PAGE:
Conceived by the President of the Republic, Nana Addo Dankwa Akufo-Addo, as a physical embodiment of unity, harmony and spirituality, the Ghana National Cathedral will be the nation’s ceremonial landmark, Ghana’s “mother church”, where all denominations will be welcomed to gather, worship and celebrate in spiritual accord.

Scope of vision

The project, now referred to as a complex comprising three projects – the National Cathedral of Ghana, the Biblical Gardens of Africa and the Bible Museum of Africa – will have ten streams from which revenue will be raised.

The revenue streams include admission to the cathedral, the museum and the biblical gardens.

The others are membership, a restaurant, a café, event catering, a gift shop, meeting space rental, special events, online merchandise and online education.

Revenue estimates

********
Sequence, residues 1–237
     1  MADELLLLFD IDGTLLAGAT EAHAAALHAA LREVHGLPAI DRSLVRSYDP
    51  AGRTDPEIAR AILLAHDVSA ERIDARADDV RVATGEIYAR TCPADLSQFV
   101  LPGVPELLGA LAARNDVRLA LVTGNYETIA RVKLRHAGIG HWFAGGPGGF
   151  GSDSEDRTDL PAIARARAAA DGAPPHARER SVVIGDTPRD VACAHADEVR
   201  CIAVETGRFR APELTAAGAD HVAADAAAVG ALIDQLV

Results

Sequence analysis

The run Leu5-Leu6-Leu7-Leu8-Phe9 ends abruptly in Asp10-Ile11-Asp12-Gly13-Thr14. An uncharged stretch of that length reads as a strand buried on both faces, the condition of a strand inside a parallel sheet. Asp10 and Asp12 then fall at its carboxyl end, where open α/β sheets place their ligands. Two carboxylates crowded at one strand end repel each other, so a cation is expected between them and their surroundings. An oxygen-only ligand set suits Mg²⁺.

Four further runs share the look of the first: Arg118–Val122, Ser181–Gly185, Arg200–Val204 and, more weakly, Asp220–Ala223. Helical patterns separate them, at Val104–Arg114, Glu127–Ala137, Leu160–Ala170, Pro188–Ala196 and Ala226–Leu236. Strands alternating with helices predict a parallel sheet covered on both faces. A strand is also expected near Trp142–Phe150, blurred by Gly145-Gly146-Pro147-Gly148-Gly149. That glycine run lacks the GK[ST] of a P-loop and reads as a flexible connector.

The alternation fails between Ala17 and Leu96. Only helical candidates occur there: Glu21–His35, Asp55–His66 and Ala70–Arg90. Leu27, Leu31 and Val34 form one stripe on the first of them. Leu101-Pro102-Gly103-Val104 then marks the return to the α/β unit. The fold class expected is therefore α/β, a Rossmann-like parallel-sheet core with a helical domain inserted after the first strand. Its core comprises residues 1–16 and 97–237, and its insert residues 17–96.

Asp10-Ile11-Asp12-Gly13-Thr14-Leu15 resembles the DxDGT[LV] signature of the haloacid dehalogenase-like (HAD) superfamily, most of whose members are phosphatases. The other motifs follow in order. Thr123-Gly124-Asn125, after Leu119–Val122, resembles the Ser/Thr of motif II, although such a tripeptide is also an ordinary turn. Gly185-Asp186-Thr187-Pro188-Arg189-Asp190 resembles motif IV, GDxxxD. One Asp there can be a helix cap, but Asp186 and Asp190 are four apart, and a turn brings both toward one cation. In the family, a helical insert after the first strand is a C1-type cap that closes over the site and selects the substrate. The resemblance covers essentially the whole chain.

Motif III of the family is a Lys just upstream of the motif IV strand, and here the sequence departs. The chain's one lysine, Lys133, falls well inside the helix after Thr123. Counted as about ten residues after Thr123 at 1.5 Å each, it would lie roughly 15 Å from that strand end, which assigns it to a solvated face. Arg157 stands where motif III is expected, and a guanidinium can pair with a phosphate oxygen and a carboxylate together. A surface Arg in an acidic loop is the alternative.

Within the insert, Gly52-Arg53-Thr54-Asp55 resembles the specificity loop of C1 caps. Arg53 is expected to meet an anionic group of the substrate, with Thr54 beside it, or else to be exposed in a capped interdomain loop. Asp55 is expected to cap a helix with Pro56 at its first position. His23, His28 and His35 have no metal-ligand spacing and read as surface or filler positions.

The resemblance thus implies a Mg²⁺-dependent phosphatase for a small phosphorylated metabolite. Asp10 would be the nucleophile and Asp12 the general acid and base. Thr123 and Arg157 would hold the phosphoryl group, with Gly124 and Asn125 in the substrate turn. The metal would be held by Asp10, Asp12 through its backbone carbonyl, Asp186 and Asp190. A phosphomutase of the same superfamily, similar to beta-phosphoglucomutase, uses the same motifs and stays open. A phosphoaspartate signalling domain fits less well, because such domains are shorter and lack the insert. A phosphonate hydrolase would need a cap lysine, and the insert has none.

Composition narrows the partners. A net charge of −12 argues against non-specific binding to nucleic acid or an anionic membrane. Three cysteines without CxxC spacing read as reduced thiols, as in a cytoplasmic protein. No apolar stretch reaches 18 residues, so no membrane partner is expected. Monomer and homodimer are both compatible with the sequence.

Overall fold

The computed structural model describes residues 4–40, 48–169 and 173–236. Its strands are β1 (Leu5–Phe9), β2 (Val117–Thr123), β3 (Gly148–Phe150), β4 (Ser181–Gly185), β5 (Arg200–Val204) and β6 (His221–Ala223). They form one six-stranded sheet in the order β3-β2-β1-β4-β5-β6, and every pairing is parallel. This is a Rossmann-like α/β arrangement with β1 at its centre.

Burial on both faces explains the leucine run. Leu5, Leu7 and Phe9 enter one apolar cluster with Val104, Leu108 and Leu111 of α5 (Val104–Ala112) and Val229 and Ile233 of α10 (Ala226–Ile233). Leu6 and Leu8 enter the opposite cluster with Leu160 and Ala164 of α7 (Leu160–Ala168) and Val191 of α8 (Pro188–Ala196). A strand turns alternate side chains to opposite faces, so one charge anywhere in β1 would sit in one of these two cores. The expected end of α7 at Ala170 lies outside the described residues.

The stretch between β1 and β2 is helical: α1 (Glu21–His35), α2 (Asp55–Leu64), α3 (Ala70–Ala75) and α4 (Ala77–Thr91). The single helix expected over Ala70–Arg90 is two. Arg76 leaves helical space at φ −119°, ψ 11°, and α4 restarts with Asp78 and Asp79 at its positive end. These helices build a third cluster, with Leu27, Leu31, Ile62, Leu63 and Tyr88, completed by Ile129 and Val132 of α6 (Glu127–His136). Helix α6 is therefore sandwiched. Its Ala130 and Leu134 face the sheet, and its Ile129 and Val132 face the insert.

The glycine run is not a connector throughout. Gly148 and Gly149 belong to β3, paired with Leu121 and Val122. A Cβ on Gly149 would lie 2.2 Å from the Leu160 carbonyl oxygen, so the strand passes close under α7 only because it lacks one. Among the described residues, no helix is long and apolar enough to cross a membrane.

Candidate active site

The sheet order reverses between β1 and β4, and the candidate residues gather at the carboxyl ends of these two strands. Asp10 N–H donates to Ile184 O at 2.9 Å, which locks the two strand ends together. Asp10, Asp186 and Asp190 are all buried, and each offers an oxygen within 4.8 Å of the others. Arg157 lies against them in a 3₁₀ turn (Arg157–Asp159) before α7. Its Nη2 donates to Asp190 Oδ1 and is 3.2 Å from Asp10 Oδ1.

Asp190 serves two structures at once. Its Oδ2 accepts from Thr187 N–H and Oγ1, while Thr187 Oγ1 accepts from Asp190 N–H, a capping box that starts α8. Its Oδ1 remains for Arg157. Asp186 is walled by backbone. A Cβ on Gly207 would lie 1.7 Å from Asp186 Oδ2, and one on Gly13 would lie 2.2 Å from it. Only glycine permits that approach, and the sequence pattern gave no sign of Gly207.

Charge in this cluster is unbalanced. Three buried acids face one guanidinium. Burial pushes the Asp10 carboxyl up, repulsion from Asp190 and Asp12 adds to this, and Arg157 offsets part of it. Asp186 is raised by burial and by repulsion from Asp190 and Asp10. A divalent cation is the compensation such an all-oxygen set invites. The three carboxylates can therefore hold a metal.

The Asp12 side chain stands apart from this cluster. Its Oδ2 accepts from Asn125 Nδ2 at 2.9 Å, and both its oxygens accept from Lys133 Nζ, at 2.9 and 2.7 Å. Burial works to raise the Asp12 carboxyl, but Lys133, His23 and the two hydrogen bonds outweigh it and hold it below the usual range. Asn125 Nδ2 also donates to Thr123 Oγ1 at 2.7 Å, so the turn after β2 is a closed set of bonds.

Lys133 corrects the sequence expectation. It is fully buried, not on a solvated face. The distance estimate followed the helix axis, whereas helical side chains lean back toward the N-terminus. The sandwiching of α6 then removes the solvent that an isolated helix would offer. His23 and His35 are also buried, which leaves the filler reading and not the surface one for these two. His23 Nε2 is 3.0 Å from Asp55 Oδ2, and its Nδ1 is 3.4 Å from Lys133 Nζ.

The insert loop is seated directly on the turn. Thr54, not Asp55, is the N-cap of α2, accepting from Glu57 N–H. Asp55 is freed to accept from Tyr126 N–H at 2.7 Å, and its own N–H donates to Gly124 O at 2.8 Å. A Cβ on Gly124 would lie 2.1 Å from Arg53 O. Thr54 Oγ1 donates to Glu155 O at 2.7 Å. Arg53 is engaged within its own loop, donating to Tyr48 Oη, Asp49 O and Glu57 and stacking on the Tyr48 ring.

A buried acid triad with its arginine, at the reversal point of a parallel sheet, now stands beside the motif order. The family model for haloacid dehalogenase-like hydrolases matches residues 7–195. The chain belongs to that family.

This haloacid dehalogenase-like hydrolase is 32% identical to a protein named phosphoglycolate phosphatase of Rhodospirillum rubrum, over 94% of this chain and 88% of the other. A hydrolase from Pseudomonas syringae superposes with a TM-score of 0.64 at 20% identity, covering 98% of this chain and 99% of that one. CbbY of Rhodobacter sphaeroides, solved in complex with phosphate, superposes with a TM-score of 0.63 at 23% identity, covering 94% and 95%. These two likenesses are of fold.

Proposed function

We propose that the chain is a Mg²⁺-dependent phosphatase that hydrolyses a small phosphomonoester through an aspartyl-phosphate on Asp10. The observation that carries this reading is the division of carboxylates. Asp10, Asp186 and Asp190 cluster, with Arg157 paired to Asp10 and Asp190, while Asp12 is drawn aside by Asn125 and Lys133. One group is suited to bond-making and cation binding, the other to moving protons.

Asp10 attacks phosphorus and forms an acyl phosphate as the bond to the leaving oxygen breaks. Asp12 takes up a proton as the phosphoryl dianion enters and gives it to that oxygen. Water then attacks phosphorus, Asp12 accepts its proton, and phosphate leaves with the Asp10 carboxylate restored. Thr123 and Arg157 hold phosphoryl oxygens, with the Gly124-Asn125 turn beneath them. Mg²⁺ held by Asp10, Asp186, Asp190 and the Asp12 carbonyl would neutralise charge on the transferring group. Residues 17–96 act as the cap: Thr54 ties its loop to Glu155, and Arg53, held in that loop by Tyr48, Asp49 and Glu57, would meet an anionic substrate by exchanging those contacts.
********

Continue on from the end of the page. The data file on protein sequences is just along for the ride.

According to projections by the secretariat of the board of trustees, the National Cathedral will receive roughly 400,000 visitors annually from Africa, other parts of the world and from within Ghana.

It is estimated that 30% of the visitors (120,000 people in total) will be foreigners and 70% (280,000) will be people living and working in Ghana.

Out of this 70% in the projections, 40% (160,000 people) will be adults, 20% (80,000) will be children between the ages of ten and 17 and 10% (40,000 people) will be what the projections term groups.

The plans further project that adults from outside Ghana, contributing an entrance fee of $15 per person, multiplied by the estimated 120,000 visitors annually, will generate roughly $1.8 million.